While Valletta in Malta is a spectacular tourist destination and popular cruise port in the Mediterranean, do not hesitate to venture further inland in your exploration of this tiny island. One town you should not miss is the walled city of Mdina.
Mdina comes from the Arabic word medina meaning walled city – and that is an accurate description. It is probably one of the best examples of a true walled city this writer has seen (and favourite so far) in her Mediterranean adventures, the others being the old walled section of Rhodes, and the Vatican.
Approach to the city is up a hill as would be expected of a great fortress whose defenders must be able to see the approach of any enemies. Outside the main city gate in a small park area stand horse drawn carriages to transport you through its streets. No vehicles, other than those of the residents and emergency vehicles, are allowed inside the walls – and you will soon see why. If you don’t wish to hire a horse cab, then strolling on your own is a perfectly viable option.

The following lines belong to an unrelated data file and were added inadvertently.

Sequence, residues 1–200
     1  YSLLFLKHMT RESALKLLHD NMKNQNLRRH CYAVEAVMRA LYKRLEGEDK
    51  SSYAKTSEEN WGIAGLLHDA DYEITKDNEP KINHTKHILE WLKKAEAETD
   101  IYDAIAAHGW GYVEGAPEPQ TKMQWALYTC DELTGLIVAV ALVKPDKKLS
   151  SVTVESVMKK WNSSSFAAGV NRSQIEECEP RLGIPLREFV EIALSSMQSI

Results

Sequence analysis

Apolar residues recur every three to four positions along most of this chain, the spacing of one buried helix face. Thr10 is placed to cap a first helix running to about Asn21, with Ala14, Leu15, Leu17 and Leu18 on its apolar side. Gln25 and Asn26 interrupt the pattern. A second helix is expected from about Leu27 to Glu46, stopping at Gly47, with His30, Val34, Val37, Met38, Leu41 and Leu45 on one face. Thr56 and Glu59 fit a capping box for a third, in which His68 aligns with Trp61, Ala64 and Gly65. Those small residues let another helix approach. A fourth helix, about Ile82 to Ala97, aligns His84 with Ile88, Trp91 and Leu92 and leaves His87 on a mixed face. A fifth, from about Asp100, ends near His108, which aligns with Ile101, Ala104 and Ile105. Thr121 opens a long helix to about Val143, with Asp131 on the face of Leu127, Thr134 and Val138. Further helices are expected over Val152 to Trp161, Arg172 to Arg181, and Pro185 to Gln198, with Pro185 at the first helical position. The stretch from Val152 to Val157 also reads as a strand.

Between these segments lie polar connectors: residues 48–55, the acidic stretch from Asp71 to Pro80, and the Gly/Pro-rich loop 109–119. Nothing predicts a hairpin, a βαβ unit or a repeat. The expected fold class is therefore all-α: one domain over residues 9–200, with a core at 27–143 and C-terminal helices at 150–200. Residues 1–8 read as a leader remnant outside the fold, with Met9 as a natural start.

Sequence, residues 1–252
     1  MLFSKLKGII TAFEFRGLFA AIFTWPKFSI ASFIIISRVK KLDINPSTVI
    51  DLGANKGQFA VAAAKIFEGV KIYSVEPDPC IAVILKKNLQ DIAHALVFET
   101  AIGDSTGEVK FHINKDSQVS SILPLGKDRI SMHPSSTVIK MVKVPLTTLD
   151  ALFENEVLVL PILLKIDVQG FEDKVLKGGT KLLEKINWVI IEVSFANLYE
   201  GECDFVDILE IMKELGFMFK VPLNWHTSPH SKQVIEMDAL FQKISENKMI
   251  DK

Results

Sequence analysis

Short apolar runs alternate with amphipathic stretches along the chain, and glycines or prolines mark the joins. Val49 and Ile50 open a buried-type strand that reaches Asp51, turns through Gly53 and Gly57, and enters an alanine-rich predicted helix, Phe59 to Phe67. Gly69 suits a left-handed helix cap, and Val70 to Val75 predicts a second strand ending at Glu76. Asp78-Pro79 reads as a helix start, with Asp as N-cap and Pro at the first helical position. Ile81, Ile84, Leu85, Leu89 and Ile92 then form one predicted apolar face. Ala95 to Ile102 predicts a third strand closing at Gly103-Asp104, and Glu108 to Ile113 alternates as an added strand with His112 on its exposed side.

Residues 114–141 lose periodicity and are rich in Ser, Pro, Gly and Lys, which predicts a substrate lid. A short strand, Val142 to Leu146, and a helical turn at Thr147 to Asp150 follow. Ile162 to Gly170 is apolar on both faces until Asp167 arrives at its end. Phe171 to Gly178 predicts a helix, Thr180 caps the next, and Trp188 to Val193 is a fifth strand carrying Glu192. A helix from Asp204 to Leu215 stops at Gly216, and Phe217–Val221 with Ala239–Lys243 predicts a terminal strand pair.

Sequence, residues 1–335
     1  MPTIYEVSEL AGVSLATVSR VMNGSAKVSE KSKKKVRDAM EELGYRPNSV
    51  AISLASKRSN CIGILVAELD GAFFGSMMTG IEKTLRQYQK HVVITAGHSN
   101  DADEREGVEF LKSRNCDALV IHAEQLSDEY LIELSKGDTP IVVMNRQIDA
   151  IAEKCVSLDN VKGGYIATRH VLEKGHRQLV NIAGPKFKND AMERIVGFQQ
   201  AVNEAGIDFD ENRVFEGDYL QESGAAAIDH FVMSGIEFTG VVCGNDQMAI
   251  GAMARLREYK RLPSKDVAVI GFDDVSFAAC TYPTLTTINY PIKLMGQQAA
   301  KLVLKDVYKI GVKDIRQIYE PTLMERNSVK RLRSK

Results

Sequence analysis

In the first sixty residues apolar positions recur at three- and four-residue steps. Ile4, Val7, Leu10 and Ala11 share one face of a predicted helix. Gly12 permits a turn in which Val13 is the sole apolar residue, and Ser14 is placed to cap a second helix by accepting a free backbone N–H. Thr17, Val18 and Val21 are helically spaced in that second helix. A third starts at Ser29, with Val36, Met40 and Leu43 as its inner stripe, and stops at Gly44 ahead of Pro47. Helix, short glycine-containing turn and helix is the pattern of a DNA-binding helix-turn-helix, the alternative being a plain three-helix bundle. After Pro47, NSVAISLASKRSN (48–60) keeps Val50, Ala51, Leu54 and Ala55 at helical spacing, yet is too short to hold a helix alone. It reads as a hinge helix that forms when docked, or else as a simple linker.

Past the city gate (no admission fee), you are confronted by narrow cobble-stoned streets and even narrower laneways and passages. Walls and buildings are almost all the same coloring, a light beige to grey, and in some places could be considered claustrophobic. This is not a modern city, and not vehicle friendly. It is often referred to as the Silent City. One hears the birds, the church bells, the tour guides and their patter, the clip clop of horses’ hooves on stone, and the warning tinkle of bells to alert you to stand aside as a horse carriage is about to round the corner. No typical city sounds here.
It is beautiful, stunningly so, as if you have stepped back in time.